8. Continue collaboration with The Society of Range Management (SRM) to increase visibility and awareness of both SRM and the RG, a mutually beneficial objective.

Procedures and Activities

RP members are continually involved in determining operational directions and in setting the agenda for activities. This is achieved through surveys, Zoom polls, and RP Roundup and annual meeting discussions. Given this input, the primary activities of the RP for the next few years will be focused on (1) initiating professional development opportunities especially in marketing and reaching new audiences through technology (received funding from WSARE PDP to support this activity); (2) developing, organizing, and maintaining state websites and the RG (January 2021 launch of the RG will be followed by a series of training activities); (3) expanding the global repository of rangeland ecology and management resources (a RP Content & Collections Action Group has been formed and is planning to survey the membership to determine priorities); (4) developing “science for society” topical resource pages (currently in production: ‘public lands grazing’, ‘monitoring’ and ‘wildfire’); (5) supporting the IYRP initiative as Secretary for the Support Group and maintaining linked IYRP and RG websites (ongoing); and (6) expanding the RP’s network throughout the U.S. and globally (facilitating the North American IYRP Support Group provides opportunities for new connections). This work is largely conducted through Zoom meetings as well as regular communications through the RP listserv and monthly e-newsletter. The listserv is primarily used to disseminate general information to members as well as others in the RP network, and to promote and organize the annual meeting and related sessions. Zoom meetings are used to facilitate cooperative decision-making, planning, and training.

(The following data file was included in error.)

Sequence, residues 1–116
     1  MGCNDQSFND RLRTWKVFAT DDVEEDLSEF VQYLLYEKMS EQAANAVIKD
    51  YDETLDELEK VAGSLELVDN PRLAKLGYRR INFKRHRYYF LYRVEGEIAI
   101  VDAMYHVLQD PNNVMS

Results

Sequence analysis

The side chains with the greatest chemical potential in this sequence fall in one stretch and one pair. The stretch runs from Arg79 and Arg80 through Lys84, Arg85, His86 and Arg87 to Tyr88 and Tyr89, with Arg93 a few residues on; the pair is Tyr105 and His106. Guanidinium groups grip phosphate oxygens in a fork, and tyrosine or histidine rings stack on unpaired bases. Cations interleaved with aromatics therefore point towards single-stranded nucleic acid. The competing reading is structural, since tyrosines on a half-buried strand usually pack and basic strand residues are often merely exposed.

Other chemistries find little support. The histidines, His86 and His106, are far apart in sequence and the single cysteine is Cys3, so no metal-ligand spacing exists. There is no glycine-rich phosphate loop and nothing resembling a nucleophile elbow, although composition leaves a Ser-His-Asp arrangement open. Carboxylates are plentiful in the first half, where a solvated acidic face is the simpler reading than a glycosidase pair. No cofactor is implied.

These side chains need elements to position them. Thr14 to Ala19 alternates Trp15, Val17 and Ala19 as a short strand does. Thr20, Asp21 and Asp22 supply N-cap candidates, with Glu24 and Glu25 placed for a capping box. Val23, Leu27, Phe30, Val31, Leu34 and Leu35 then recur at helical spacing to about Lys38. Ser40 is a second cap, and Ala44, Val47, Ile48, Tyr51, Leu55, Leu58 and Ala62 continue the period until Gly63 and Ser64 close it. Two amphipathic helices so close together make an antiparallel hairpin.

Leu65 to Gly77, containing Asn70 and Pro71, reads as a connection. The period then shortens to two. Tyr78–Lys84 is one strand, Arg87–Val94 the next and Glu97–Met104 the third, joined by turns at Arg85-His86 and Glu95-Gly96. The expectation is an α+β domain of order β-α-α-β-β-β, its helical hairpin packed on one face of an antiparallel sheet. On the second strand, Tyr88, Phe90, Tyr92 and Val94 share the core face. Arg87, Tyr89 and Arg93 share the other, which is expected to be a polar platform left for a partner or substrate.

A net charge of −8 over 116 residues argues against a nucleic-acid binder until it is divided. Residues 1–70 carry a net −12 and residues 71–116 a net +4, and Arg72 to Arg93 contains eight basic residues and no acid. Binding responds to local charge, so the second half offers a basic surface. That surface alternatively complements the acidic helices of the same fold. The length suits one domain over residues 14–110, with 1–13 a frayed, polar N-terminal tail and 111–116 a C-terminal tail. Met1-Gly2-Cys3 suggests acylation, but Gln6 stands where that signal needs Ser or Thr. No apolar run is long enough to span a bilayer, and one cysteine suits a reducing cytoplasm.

The Rangelands Partnership is starting to see the effects of its original members approaching retirement. While 19 states are represented and have resources in the Rangelands Gateway, there is a core group of members that conduct the business of the RP. Of note, is the most recent annual meeting held April 2021, with the following 12 states actively participating: Alaska, Arizona, California, Colorado, Hawaii, Idaho, Kansas, Nebraska, North Dakota, Oklahoma, Oregon, and South Dakota. To ensure the success of the RP, and to engage additional member states, the Partnership’s Executive Committee is actively working on a new member packet that outlines the benefits of engaging with the Rangelands Partnership. This packet will be directly shared with Extension rangeland specialists and agriculture librarians at each land grant institution that is part of WERA, and a follow-up conversation will be held with those individuals to encourage them to participate, and be listed in Appendix E. In addition to renewing relationships with states that do not currently have active members, current members will continue to develop and maintain their state RP pages. This will be accomplished by discussions and networking that occur during the quarterly professional development “RP Roundups” as well as the annual meeting.